*. I really like The Mummy. I liked it when it came out and I still enjoyed it on my most recent re-watch.
*. It may be my favourite mummy movie. That’s an opinion I don’t think many people would share but the thing is, I don’t think there have been many good mummy movies. In large part this has been due to low budgets and substandard talent. Was this the first mummy movie that a studio actually spent some money on? It’s certainly the first that looked this good.
*. In 1999 audiences were blown away by the opening shots of ancient Egypt. We weren’t bored by CGI yet and I remember everyone in the theatre (including myself) going “ooh!” and “ahh!” And truth be told, I think the effects work has held up pretty well. Imhotep, in all of his various forms, looks swell. The plagues are adequate. The mummy soldiers actually have a bit of a Ray Harryhausen look to them, which was intentional. I’m not as thrilled by the scarabs as I was at the time, but you can’t have everything.
*. The mummy himself has always been, in the words of Kim Newman, “the poorest of poor relations among classic monsters.” He doesn’t talk, staggers around like a zombie (which is, in a sense, what he is), behaves in a mostly preprogrammed way (wreaking vengeance on those who have desecrated his tomb), and then crumbles to dust.
*. The mummy we get here, however, is a lot more fun. The first thing he does when he’s brought back to life is he grabs himself a tongue to stick in his unhinged jaw. Now he can speak (at least in subtitles). Also, he doesn’t just shuffle around strangling people but exercises all sorts of super powers.
*. I think it was also a great idea to show Imhotep slowly reconstituting himself, sort of like the thing in the attic in Hellraiser. (Side note: Clive Barker had been attached to this project at one point but his vision had been too dark.) When he’s fully back in human form, Arnold Vosloo has a great presence, communicating someone both cunning and damned in a way that recalls Christopher Lee’s performance in the 1959 Hammer film.
*. Things start on a high note and the pace never lets up. The clear model was Raiders of the Lost Ark, right down to the period dressing. This undercuts its status as a horror film somewhat, but there’s no need for criticism to be that rigid about respecting genre rules. Neither writer-director Stephen Sommers or the studio wanted a horror film. This is a movie that was meant to be fun and it is. Rachel Weisz didn’t even consider it to be horror but pure “hokum” and a “comic book.”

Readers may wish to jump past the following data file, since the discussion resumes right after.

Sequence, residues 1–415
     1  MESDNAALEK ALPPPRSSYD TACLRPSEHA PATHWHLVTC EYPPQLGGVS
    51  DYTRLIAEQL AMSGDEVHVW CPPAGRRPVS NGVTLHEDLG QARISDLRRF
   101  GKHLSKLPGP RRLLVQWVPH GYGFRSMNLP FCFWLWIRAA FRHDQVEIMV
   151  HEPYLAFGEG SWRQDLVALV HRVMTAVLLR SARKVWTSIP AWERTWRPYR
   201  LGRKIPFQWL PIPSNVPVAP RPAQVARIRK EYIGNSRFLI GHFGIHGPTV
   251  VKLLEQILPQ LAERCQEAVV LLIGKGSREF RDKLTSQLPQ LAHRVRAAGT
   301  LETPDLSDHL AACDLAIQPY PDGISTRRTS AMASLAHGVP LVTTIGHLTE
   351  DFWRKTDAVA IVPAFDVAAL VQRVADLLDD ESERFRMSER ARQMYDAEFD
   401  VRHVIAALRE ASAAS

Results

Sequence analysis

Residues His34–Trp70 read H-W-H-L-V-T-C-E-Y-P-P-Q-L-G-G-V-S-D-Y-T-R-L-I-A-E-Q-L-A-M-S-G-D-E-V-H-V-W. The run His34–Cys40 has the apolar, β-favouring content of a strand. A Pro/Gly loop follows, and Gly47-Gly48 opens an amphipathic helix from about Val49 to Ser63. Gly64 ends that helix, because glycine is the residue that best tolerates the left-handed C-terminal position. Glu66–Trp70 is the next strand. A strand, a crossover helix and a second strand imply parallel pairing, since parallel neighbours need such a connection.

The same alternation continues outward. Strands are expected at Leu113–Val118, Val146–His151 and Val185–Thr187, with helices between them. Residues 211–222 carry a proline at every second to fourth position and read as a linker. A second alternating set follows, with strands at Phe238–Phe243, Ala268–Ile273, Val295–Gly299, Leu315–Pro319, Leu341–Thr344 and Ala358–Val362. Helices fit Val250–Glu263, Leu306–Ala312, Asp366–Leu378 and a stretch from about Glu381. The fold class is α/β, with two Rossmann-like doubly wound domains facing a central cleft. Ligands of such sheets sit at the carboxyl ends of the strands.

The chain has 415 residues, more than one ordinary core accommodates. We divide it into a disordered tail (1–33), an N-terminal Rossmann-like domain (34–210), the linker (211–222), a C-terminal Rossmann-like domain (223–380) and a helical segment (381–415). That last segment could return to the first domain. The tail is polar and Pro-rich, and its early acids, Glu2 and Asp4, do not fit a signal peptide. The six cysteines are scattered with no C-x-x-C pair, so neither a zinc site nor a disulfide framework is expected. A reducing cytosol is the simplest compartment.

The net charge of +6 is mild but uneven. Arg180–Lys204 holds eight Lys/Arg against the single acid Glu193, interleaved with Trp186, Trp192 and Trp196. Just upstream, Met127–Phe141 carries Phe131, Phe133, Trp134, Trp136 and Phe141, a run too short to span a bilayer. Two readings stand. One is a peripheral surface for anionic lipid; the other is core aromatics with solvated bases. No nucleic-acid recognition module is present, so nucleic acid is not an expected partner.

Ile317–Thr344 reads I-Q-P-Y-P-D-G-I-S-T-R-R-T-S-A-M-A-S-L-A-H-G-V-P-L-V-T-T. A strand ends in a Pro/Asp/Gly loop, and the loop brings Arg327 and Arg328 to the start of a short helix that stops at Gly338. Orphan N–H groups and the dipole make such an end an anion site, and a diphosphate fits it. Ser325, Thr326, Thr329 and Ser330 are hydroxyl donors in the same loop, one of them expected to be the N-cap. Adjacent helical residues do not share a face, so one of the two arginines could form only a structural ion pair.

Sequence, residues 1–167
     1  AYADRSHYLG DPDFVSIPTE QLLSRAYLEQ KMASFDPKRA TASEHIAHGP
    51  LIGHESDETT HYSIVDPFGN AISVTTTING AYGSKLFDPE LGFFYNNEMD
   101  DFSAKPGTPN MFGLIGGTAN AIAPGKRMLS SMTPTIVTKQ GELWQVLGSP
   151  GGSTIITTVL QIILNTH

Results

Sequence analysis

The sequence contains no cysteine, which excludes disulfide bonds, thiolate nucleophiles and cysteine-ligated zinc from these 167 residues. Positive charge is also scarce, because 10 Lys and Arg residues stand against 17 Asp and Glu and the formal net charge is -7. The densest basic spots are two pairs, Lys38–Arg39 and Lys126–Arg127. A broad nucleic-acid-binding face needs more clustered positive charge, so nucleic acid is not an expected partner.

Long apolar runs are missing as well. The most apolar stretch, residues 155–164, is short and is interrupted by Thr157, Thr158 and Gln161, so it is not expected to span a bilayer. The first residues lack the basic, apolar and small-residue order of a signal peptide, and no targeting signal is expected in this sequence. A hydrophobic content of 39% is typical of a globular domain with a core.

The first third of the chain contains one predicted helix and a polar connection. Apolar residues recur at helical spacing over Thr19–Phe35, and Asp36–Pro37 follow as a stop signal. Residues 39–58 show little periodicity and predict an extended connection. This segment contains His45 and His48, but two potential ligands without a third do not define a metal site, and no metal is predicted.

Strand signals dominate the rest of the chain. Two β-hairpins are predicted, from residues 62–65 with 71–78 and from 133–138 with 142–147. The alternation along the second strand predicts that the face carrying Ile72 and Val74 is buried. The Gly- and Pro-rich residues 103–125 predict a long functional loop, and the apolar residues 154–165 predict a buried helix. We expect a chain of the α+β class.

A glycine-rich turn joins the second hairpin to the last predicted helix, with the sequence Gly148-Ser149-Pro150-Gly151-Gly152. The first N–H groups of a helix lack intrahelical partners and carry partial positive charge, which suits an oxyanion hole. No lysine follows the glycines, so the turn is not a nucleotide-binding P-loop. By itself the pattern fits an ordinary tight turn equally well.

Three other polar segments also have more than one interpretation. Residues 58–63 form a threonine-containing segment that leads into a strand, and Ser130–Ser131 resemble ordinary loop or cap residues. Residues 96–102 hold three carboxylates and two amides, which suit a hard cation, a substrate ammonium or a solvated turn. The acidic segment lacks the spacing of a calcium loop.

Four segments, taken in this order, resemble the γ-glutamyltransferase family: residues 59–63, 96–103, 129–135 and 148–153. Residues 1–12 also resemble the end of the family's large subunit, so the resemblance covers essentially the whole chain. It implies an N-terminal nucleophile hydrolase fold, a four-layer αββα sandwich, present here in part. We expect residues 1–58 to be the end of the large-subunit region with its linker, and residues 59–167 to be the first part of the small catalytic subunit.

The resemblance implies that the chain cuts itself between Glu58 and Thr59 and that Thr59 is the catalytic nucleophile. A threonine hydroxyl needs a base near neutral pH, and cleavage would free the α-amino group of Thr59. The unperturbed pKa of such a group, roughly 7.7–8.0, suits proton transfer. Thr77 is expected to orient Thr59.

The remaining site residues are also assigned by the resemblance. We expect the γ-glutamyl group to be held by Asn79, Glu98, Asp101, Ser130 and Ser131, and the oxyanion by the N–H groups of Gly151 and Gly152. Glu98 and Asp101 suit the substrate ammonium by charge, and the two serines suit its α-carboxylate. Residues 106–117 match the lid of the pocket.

*. The Raiders and Harryhausen connections are obvious. Less obvious is Sommers’s love of Michael Curtiz’s Captain Blood, which he mentions on the DVD commentary track as having been a model for the love story. I hadn’t thought of that, but it’s a nice influence to have in mind.
*. The cowardly character is a stock type but Kevin J. O’Connor’s Beni I find to be both original and very funny. He’s such a sleazy worm, and I like that he can even be sadistic at times. He’s the kind of heel you genuinely love to hate.
*. In some previous mummy movies the princess and her modern day incarnation were played by the same actress. Here Imhotep immediately takes Rachel Weisz for Patricia Velasquez, who she doesn’t remotely resemble. The character Evelyn Carnahan doesn’t even have Egyptian ancestry (originally she was to be the daughter of the guy who discovered Tutankhamen’s tomb, something that is only hinted at in the film).
*. So it’s a loveable movie. Surprisingly, critics weren’t all that kind. Roger Ebert said “There is hardly a thing I can say in its favor, except that I was cheered by nearly every minute of it. I cannot argue for the script, the direction, the acting or even the mummy, but I can say that I was not bored and sometimes I was unreasonably pleased.” This seems like backhanded praise to me. Why not praise the direction, the writing, the acting, or the mummy? They all seem fine to me.
*. Ebert adds “Look, art this isn’t. Great trash, it isn’t. Good trash, it is. It’s not quite up there with Anaconda, but it’s as much fun as Congo and The Relic, and it’s better than Species.” I would rate it well above all of these other pictures (and I’m not sure what made him think of Species). I wonder why Ebert was so reluctant to say something good about it.
*. Kim Newman is more negative in Nightmare Movies. In large part this is because he thinks the story strays too far from its roots, but as I’ve said I don’t think that’s a strike against it. Here’s his summary: “The Mummy is an entertaining series of theme park rides, but sorely misses magic, with cardboard villains, fundamentally unlikable heroes, non-stop pig-ignorant blunders and endlessly irritating comic bits. It also offers offensive Egyptian stereotypes — smelly, corrupt, venal, lecherous, whining, cowardly, boil-ridden, murderous, sadistic, ugly – unacceptable in the dignified 1932 movie.”
*. Some of this comes down to taste, but I’m surprised he got so upset at the portrayal of Egyptians. Actually, there are a number of heroic local figures, headlines by Oded Fehr’s Ardeth Bey, who turned out to be such a likeable hero Sommers had to change the ending to let him live. Otherwise, most of the negative descriptors Newman gives apply only to Beni, who is not Egyptian. I believe he’s supposed to be Hungarian (the character’s full name is Beni Gabor).
*. So maybe it’s not a great mummy movie but it’s still one of the better entertainments of its period with quite a lot to be said in its favour and not much to be said against it except frustrated expectations. I wasn’t that picky twenty years ago and I’m glad I’m still relaxed enough to enjoy it.